i do agree that it is not acceptable to needlessly send packets with the framerate of the application. However, the function that is called at each iteration is merely a check if something needs to be synchronised. If none of the synchronised objects change state, the "poll" doesn't waste network/CPU resources (at least not much). Decoupling the "local object update" and serialisation (which would trigger deserialisation at the ghosts) in combination with dead reckoning would be a way to both control/limit the network traffic and having good visual apearance. Seen as such, the "once per frame" activity would be a combination of receiving network updates when available and predicting the new state (position/orientation etc).
For my current application this is not a problem, meaning that i serialise the object position (using a method of the ReplicaManager) as soon it is localy updated. In case of a local player update this is done in the event handling method of the application. In case of CEL, this should be done somewhere in the property classes.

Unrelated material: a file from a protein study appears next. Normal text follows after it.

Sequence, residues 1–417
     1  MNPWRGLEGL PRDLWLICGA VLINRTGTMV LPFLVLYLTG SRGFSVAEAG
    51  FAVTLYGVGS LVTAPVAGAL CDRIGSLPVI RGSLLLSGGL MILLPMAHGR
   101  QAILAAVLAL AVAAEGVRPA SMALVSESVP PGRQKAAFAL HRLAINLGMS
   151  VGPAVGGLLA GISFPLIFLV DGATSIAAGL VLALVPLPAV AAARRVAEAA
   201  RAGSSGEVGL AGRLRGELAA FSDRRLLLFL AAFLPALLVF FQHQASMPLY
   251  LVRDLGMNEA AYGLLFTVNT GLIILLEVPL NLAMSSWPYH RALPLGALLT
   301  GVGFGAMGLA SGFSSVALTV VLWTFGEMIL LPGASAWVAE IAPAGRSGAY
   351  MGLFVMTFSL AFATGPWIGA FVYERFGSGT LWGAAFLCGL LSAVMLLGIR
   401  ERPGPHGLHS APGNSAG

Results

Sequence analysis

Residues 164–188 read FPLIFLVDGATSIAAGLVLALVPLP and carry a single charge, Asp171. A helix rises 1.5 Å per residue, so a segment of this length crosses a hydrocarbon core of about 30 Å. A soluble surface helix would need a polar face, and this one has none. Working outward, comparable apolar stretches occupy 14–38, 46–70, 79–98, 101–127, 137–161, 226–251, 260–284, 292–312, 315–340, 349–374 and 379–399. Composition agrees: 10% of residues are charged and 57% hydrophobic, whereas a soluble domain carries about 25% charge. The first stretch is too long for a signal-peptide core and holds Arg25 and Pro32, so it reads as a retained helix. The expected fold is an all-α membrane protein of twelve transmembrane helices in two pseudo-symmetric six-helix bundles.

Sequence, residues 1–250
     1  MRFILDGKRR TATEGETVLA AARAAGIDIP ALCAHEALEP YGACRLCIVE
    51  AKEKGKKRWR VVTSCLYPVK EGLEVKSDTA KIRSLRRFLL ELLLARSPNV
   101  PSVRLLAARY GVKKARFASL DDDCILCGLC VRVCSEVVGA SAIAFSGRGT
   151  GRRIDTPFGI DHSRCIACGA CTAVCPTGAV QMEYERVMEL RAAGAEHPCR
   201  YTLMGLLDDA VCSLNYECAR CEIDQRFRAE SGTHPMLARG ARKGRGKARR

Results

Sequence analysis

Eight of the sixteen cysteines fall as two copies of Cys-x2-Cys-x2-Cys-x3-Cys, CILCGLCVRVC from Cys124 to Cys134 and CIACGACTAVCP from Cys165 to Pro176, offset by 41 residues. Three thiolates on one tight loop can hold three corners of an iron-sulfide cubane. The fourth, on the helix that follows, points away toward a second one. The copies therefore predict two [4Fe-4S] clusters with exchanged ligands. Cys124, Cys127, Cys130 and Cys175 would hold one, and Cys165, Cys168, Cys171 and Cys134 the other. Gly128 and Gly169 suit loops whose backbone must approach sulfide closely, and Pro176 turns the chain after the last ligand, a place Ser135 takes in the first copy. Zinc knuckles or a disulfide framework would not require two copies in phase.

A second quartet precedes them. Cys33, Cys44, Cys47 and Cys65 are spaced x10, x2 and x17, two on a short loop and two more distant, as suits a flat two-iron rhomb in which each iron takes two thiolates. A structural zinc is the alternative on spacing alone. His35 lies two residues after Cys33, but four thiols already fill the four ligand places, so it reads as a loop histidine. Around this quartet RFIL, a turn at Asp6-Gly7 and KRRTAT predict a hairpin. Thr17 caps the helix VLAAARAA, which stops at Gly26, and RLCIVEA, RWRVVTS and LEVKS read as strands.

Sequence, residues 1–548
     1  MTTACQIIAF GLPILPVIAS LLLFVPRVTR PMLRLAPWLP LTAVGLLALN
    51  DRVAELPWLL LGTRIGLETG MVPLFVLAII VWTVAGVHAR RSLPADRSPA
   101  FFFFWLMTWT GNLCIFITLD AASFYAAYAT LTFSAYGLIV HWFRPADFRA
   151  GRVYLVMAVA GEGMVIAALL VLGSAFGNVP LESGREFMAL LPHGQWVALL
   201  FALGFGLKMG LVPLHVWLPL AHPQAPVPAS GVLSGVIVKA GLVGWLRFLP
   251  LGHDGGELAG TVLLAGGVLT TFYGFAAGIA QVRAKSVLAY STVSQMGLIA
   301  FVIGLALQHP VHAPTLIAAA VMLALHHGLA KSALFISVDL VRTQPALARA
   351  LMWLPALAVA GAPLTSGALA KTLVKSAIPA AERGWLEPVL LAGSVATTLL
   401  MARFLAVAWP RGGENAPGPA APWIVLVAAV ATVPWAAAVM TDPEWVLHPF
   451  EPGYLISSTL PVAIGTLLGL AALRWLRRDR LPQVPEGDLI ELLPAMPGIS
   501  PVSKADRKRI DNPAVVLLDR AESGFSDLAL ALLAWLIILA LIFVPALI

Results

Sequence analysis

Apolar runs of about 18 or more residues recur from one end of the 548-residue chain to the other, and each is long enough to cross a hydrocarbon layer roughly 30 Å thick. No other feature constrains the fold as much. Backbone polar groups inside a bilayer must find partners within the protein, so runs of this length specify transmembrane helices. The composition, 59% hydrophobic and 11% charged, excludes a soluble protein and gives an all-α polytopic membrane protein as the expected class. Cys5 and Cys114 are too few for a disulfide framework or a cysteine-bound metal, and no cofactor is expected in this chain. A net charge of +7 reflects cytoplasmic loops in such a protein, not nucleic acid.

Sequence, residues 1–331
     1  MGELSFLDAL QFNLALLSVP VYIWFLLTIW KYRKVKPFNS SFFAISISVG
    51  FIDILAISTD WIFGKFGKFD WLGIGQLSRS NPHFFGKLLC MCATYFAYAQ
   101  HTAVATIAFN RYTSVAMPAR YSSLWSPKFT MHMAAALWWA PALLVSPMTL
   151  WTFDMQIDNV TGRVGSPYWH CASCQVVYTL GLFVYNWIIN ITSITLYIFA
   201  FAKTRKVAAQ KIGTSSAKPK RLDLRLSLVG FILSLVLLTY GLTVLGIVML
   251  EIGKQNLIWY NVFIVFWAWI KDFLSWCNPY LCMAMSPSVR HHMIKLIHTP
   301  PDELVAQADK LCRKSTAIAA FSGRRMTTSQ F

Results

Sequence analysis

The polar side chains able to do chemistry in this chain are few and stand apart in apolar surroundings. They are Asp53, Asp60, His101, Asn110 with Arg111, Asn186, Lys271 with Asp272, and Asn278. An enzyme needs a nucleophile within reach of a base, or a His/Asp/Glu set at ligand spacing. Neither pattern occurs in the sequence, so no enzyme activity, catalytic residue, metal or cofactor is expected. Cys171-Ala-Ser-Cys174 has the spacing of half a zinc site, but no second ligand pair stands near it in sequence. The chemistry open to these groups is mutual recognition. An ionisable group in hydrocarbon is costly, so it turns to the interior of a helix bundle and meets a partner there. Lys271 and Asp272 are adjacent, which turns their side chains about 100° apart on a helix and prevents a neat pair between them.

P.S. BTW, do you know that Sun has now released the source for SGS/DarkStar server and client. I downloaded and went through the manuals, but as its all Java-based it does not suit me.
Darkstar is indeed mainly java, and as such looks not suited. Using it from C++ would involve 2 parts that have to be written
1- java part, that is plugged into the (java) server-framework
2- C++ client that uses the C++ library (present in the SGS SDK)
For a CS plugin, these parts would make "part" of the plugin.
The point is that i don't know any C/C++ opensource solution if you want to create robust scalable MMORG applications....
On the speed issue: i think that the network will be the bottleneck and not the (slower than C++) java processing.....